This post is Grassroots, meaning a reader posted it directly. If you see an issue with it, contact an editor.
If you’d like to post a Grassroots post, click here!

March 3, 2021

The Body Doesn’t Lie

Relax. Resist. Repeat.

It’s been a running joke among my friends and family that listening to my voice at times causes agitation. My father complained once that my “gravelly voice was irritating his canker sores.” Many years later, as he was praising my most recent song (written and featuring yours truly), I asked if he remembered the canker sore comment… Well, what did I expect?

We’ve all had a moment with a person like my dad in our lives: someone who slings a hard comment our way that allegedly helps us define ourselves. Sometimes they land hard, sometimes we call BS. If I learned anything from my dad’s New York-edged sense of parenting, it was to develop a thick skin. But thick skin comes with it’s own set of problems- we stop listening, tune out and stop being curious. And callousness can be a career killer in the arts where sensitivity, exploration and vulnerability are sources of great work. So how do we know when to call BS and when the proverbial shoe fits?  Some authors like to talk about ‘Agreements,’ or circular self-guiding principles for self-actualized existence. It doesn’t work for me. Don’t get me wrong, I love a good tautology. Where the rubber meets the road, however, is the how.

My how includes my other career as a massage therapist, or as we say in the arts, my side-gig. I never saw taking the time to learn and understand the body as a step away from my passion for music. It was a step toward (and at times a Main-gig). Music is simultaneously a physical and mental art- musicians spend decades learning the technical ability to play their instruments. Ask any master musician how they approach their best performances and inevitably part of that answer will circle around “staying loose.”

As a massage therapist, I’ve spent years palpating, studying and understanding the tension. Massage, by definition, is manual release of the muscles and their connective tissue. My experience has shown me that tense thoughts are hard to hold on to when the body is relaxed. Relaxation elicits both chemical and mental changes, transforming thinking. The number one comment from clients post-massage is that they “feel better” than before they arrived. Usually followed by “I feel more loose.”

When you’re in the business of relaxing others, you learn what relaxation looks like.   You also learn to see tension. But seeing something in others is vastly different than acknowledging it in yourself. Tension in soft tissue, while palpable to a massage therapist, is usually a subjective experience. People walking around with their shoulders nearly pinned to their ears are usually the ones who say “I feel good. I feel loose.” It takes time, persistence and commitment to connect palpable muscular tension to “the experience of tension,” especially when our daily activities require us to ignore it. It’s a process that has to be repeated over and over to be understood and assimilated into both the mind and the body. Even as the observer of this situation, I can’t say that I fully understand how to relax myself! I’m still learning. But I have learned some ways to keep myself “loose,” and as a result,  deepened my understanding of music.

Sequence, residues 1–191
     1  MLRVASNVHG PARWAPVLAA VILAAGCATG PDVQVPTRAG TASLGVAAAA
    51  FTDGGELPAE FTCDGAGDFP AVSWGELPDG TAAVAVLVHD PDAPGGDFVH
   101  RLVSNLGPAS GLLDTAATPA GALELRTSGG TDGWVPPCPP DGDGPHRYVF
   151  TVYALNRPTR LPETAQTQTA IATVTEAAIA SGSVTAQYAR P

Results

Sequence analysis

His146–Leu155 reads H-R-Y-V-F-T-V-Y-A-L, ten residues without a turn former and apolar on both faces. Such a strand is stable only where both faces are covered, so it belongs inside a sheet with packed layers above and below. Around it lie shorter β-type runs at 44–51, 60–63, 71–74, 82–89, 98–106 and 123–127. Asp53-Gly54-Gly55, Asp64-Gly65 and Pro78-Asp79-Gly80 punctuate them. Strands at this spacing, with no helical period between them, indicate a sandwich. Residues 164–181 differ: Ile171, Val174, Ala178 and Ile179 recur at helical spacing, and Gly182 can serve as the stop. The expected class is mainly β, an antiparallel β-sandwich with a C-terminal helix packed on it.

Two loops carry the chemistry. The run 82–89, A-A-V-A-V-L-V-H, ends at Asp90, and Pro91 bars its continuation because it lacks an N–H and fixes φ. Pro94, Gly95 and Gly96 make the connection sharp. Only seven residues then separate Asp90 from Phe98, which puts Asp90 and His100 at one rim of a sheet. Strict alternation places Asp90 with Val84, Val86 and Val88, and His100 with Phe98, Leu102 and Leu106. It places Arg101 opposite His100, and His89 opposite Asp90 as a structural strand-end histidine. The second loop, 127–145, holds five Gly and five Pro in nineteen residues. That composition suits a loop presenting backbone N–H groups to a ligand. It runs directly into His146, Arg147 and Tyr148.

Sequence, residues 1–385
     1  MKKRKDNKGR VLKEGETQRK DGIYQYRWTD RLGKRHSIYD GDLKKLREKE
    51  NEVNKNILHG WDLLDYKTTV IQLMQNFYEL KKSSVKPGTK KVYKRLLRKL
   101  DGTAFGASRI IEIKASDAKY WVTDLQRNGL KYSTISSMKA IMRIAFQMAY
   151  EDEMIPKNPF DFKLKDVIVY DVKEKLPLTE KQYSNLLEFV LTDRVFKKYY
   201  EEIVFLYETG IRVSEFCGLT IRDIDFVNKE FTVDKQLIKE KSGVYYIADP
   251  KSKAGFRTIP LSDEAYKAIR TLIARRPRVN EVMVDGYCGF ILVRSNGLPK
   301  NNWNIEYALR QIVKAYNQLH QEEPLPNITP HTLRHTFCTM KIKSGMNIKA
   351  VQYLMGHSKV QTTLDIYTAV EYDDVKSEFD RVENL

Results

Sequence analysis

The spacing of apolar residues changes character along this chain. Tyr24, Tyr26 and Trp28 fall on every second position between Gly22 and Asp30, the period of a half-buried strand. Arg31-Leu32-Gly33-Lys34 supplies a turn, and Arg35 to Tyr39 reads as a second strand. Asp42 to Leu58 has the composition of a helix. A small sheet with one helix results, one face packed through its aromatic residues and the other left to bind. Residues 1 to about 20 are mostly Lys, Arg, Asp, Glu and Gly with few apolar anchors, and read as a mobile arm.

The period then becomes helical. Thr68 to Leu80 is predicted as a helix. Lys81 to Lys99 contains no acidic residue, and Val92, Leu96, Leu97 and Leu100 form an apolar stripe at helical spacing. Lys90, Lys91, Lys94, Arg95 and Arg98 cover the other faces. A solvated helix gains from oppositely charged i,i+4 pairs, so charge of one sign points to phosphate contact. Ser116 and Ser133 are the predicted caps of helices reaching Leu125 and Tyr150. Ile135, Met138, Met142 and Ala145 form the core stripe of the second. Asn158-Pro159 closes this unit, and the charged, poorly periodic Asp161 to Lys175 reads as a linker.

I view all the things I do in my life as intimately connected. It’s an assertion I rest on the continuity and persistence of my existence: I didn’t split bodies when I chose to do something different (though I think that might be the premise of a famous Sci-Fi film).  In fact, I chose to stay in my body and understand it better. Our bodies are the vehicle by which we interact and interpret the world around us. We move through states of relaxation and tension without largely acknowledging either. But the presence of either can have monumental consequences on our perception and what we manifest in the world.

As gruff as my father may have been about my gravelly voice (and as much as I may have wanted to deflect it with my ever-thickening skin), he had a point:  The musculature surrounding my larynx was overly tense, causing unnecessary “fry” in my lower register.  It was as much a slight as it was a technical critique. Little did he know! It took me years of exploring that tension to appreciate and understand how to let it go.

When it comes to how to keep yourself true, to be discriminating between BS and TRS,  the body is our greatest resource. Learning to listen can take time, but our truths lie in the body.  The body doesn’t lie.

Published on behalf of David D’Alessio, who you can read about here

Leave a Thoughtful Comment

Read 0 comments and reply

Top Contributors Latest

Ramiro Fauve  |  Contribution: 610